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Preventing Fraud in Verify

One of the challenges of operating globally is the increased exposure to fraud. There are two types of attacks we commonly see in phone verification or two-factor authentication (2FA) flows.

  1. SMS pumping
  2. International Revenue Sharing Fraud (IRSF) also known as "Toll Fraud"

Both attacks cause inflated traffic to your app with the intent to make money and not to steal information. While the specific ways attackers monetize these types of fraud is different, the strategies you can implement to reduce fraud are similar.

verification fraud diagram.


Customer participation is essential to successfully defend against fraud. Our Verify product includes comprehensive built-in fraud detection and mitigation mechanisms. However, no provider-side solution can guarantee 100% effectiveness against sophisticated attackers.

What is SMS pumping?

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SMS pumping fraud happens when fraudsters take advantage of a phone number input field to receive a one-time passcode, an app download link, or anything else via SMS. The messages are sent to a range of numbers controlled by a specific mobile network operator(link takes you to an external page) (MNO) and the fraudsters get a share of the generated revenue.

See the SMS Pumping Fraud glossary entry for more information.

Toll fraud, also known as International Revenue Sharing Fraud (IRSF), happens when an application is exploited to generate a high volume of voice calls to the fraudster's own international premium rate numbers. The victim of the toll fraud bears the entire financial responsibility for each minute of the call.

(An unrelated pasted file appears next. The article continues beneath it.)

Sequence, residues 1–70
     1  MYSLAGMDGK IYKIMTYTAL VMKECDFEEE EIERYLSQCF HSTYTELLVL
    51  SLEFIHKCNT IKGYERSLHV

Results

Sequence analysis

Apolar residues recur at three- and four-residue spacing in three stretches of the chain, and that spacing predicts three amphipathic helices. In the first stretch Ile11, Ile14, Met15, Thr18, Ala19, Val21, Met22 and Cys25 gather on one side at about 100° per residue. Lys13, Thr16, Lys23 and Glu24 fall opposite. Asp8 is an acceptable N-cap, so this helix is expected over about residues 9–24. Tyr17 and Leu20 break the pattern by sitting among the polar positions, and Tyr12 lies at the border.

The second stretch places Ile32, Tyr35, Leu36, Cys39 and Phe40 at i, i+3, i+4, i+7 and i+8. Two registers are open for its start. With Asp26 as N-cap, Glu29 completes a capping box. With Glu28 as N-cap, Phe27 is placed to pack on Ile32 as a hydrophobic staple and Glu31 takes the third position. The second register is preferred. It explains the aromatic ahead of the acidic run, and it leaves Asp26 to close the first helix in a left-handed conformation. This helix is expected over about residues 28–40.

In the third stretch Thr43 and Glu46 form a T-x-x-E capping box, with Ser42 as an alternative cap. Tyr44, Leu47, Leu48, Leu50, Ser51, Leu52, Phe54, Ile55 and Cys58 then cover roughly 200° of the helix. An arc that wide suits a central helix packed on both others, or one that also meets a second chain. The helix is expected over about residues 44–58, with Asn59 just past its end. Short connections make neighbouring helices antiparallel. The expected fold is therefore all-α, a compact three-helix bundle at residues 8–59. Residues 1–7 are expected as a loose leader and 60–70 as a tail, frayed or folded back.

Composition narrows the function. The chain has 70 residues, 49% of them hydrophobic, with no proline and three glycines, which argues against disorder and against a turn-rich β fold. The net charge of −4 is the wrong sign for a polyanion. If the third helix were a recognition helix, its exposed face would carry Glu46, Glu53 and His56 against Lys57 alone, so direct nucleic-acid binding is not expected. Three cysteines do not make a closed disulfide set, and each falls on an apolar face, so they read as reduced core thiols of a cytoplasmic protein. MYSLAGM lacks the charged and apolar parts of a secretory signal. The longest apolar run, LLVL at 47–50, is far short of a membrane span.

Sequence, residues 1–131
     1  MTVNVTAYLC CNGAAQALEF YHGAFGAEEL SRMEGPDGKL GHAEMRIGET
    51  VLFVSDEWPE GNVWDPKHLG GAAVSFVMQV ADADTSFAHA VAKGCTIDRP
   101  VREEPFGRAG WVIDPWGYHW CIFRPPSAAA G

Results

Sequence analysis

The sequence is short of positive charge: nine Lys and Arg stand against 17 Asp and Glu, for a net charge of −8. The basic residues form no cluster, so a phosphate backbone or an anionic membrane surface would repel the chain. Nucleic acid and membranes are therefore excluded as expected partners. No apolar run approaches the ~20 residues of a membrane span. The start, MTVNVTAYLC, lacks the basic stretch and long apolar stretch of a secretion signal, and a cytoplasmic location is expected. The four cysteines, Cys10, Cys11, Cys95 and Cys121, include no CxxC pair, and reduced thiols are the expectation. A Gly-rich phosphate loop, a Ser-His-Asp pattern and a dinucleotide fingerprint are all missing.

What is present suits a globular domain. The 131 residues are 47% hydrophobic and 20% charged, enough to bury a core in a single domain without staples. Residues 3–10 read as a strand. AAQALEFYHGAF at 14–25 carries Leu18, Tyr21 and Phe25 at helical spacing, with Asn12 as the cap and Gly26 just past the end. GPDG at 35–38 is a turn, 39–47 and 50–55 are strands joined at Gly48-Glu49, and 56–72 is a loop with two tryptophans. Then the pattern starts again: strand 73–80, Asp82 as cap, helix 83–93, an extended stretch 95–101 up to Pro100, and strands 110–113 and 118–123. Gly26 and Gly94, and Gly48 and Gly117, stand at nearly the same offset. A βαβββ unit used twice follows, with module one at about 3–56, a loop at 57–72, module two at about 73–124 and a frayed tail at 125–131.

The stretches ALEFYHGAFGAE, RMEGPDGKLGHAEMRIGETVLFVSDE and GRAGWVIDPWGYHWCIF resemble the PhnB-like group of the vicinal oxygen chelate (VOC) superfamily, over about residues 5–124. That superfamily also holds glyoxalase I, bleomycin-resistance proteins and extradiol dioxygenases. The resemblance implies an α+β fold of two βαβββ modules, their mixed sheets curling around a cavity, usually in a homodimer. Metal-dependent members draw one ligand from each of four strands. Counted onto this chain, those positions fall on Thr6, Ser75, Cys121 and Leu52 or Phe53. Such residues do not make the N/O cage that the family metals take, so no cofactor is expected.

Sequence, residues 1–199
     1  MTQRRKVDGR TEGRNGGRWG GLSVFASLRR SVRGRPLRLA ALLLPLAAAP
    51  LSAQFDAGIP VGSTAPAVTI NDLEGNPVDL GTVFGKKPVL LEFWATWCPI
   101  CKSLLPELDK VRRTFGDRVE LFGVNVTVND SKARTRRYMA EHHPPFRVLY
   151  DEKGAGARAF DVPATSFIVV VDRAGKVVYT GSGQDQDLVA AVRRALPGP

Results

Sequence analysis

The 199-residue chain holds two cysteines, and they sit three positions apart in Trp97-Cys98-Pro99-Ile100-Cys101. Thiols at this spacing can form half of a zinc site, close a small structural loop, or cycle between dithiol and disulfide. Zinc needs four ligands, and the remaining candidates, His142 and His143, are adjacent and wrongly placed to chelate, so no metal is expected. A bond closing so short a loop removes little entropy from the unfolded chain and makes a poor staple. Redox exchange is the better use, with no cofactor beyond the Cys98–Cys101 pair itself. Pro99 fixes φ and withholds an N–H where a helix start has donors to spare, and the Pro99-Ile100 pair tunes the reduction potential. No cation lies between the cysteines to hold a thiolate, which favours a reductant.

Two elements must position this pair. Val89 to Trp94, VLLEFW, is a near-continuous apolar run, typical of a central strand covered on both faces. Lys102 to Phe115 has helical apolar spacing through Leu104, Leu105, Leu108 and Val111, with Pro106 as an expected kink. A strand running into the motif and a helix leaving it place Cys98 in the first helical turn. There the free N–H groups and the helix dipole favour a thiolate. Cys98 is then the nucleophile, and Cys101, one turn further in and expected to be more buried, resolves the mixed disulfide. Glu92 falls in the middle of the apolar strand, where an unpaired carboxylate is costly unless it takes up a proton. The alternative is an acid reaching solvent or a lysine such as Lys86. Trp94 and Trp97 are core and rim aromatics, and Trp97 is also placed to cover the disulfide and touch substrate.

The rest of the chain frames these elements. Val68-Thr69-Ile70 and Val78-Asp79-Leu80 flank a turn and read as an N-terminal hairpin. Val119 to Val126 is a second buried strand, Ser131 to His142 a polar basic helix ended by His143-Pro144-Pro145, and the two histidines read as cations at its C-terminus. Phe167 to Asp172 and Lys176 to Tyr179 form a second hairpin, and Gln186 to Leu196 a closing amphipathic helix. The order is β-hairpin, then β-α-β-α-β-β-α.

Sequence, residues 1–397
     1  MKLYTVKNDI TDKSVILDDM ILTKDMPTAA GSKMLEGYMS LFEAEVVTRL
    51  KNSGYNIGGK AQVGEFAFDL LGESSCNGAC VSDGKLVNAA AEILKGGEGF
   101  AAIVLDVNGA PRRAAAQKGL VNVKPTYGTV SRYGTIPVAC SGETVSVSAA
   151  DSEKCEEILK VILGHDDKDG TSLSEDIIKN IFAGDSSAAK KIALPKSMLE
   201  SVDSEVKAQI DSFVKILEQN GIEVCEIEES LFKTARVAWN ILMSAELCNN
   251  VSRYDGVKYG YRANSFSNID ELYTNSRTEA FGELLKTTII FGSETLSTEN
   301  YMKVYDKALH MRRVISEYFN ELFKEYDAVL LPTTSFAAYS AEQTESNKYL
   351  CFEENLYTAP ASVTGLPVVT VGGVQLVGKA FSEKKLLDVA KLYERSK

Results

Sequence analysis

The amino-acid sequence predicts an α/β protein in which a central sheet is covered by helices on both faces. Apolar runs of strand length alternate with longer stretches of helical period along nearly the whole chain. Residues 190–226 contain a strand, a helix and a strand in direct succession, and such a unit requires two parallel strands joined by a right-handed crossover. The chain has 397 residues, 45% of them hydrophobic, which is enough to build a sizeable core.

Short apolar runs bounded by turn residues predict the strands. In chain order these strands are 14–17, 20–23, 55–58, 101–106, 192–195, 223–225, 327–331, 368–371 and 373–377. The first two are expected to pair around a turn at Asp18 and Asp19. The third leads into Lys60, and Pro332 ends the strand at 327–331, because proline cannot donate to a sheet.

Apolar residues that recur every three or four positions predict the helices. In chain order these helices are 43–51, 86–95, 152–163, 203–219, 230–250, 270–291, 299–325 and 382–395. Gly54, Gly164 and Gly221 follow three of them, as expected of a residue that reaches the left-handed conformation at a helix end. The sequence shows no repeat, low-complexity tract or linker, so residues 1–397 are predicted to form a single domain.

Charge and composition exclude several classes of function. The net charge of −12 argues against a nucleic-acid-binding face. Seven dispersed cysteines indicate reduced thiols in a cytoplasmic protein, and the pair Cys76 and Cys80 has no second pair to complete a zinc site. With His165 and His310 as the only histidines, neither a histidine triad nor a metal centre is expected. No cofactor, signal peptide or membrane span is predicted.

See the Toll Fraud glossary entry for more information.

Enable Verify SMS Fraud Guard

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Twilio recommends enabling the SMS fraud guard on your account. When enabled, this feature will block the transmission of suspicious and likely fraudulent SMS messages preventing unnecessary charges to your account.

If you don't plan to allow any calls, you can disable that channel by selecting the Service on the Console(link takes you to an external page), selecting the Voice tab, and disabling the channel.

Implement exponential delays between verification retry requests

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Similar to rate limits, implementing exponential delays between requests to the same phone number is one way to prevent rapid sending. Learn more about our recommendations for retry logic for SMS 2FA in this blog post(link takes you to an external page).

Good Example - "Call me instead" option is not visible until 3 time-delayed SMS attempts.Bad Example - "Call me instead" option is visible at any time and can be repeatedly submitted.
good example of an OTP verification prompt.
bad example of an otp verification prompt.

Add Service Rate Limits for your Verification Service.

Make sure your app will not send more than 1 message per X seconds to the same mobile number range or prefix.(link takes you to an external page) Implement rate limits by user, IP, or device identifier. You can use a CDN like Cloudflare or implement modules in your web server like Nginx(link takes you to an external page) and Apache(link takes you to an external page) for basic rate limiting.